(1) 2” x 8” x 3’ (5cm x 20 cm x 91cm) board
(10 ft.) 14-2 wire
(4) Stainless steel lag bolts (long enough to go through the board, drywall and into the stud)
(4) Stainless steel washers
(8) Stainless steel counter-sunk sheet metal screws
(2) ¾” (2cm) black pipe floor flange
(5) ¾” (2cm) black pipe 3” (8cm) nipple
(2) ¾” (2cm) black pipe 8” (20cm) nipple
(3) ¾” (2cm) black pipe tee
(3) ¾” (2cm) black pipe 90 degree street elbow
(3) ¾” (2cm) to 1 ¼” (3cm) black pipe reducing coupler
(3) Threaded light socket with nut
(3) Glass light shades
(1) Rustoleum clear spray paint
(1) American Products Gel Stain, Java
(1) American Products Gel Stain, Clear Coat
Step 1: Checking and Cleaning
After purchasing all of the pipe pieces you will need to clean them thoroughly. I began with degreaser based on some online suggestions, but found that simple dish soap seemed to work better. Some of the stickers may be difficult to remove. Lemon oil works wonders. Be sure to attempt to gently assemble the metal as some pieces may have been cross threaded or the threads may be damaged. Figure this out early and you will save frustration.
Step 2: The Backboard
I measured my space and decided to make the back board about three feet (one meter) long. I had some scrap 2” x 8” (5cm x 20cm) wood that was the proper length. After ensuring the board had straight and square ends, I used a router to create squared inset edges on both the front and back of the board.
Step 3: On the Back
I also created a cavity on the back of the board for running wires from the sides to the electrical box in the center.
Step 4: Lining Up and Drilling Holes
At this point, what I should have done is to assemble the mounting portion of the black pipe (the floor flange, 3 inch [8cm] nipples, tees, and 8 inch [20cm] nipples) in order to center it on the board and mark my drill holes. After doing this I drilled two ¾ inch (2cm) holes behind the floor flanges and 8 screw holes for mounting the floor flanges. I also drilled four bolt holes, selecting their position by determining where the board would mount to a stud.
Step 5: Prepping the Board
I then sanded the board and the grooves I had made, wiped it clean, and stained it with American Products Gel Stain in Java color. Three coats of that and three of clear coat.
Step 6: Wiring
While applying the six coats to the board, which will probably take a few days, use the time to wire the threaded light sockets. Test them! [If you don't already know how to wire them, get some professional help] Beginning at one of the sides, run the wire through each piece of black pipe, beginning with the piece closest to the light socket, assembling the metal as you go. The middle will be the most difficult due to the length of wire that must be run and the number of turns that must be made. Attempt to keep the wire from twisting as much as possible, but if it does, don’t worry about it. The most important thing is not to pinch or cut the wire in any of your black pipe pieces as you assemble. This will cause the fixture to short out and could be dangerous.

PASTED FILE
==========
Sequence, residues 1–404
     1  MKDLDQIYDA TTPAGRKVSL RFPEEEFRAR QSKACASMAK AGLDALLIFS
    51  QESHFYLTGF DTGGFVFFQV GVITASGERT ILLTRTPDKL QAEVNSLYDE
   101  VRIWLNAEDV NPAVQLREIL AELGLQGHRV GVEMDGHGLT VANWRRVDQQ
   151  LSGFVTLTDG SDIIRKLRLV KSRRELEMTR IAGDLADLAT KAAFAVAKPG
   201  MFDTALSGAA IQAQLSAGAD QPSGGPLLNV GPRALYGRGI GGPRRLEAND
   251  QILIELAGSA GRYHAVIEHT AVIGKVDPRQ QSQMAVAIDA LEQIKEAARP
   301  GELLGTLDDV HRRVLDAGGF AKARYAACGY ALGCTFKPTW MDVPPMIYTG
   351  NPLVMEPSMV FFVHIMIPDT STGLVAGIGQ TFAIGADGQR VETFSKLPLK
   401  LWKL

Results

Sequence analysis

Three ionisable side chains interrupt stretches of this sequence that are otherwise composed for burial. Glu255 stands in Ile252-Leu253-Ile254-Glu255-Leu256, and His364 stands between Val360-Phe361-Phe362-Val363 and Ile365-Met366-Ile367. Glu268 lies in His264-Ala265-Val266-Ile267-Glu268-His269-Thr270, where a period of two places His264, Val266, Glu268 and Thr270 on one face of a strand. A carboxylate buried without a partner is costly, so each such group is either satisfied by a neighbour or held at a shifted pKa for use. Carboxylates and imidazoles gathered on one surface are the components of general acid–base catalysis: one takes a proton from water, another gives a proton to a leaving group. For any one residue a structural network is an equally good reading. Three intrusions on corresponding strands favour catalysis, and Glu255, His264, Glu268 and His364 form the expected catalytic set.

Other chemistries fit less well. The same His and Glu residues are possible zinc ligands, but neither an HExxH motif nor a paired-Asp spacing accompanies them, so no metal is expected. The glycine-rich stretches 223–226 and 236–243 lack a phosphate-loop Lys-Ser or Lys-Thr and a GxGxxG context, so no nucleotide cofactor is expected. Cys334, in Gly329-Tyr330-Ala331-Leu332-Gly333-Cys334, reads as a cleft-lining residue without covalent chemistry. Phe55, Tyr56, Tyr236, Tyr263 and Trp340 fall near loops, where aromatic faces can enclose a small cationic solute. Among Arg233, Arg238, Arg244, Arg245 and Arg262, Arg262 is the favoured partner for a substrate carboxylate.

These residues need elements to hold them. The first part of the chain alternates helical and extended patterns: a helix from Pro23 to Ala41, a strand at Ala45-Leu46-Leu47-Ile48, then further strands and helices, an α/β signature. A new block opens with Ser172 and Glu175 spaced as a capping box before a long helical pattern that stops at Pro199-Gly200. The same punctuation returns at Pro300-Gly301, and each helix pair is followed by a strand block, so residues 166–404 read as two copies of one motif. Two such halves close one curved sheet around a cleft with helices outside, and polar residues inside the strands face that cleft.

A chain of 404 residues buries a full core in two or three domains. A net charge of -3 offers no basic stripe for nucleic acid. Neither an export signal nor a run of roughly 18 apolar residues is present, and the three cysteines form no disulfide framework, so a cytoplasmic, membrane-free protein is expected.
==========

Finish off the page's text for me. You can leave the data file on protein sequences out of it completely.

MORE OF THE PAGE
Step 7: Protecting the Metal
Once all of the metal has been assembled with light sockets, and the wires are running out through the floor flanges, use a caulk or adhesive to fix the light sockets into the reducing couplers. Once this has set and after covering the light sockets with painters tape, use clear spray paint to seal the metal and keep it from rusting. Black pipe will easily rust so be sure you get all of the cracks and crevices.
Step 8: Mounting the Light
Once all of the paint and stain is finished, mount the light to the board, running the wires through the pre-drilled holes. Staple the wires to the back of the board in the cavity discussed previously. Wire the light and push excess wires into the wall box. Mount the entire light fixture on the wall. Test each socket again.
There were two studs that ran behind this light in my bathroom. One ran directly behind the left floor flange and the other was able to be hit with the right two bolts. To make up for the left, I drilled holes all the way through the board and into the wall and ran two three inch screws through the left floor flange. Once it was all said and done I was able to yank on it without it moving. As for the left two bolts, I looked for drywall anchors but found none that large. I ended up using short lag bolts that did not go all the way through the board but provided uniformity to the look of the fixture.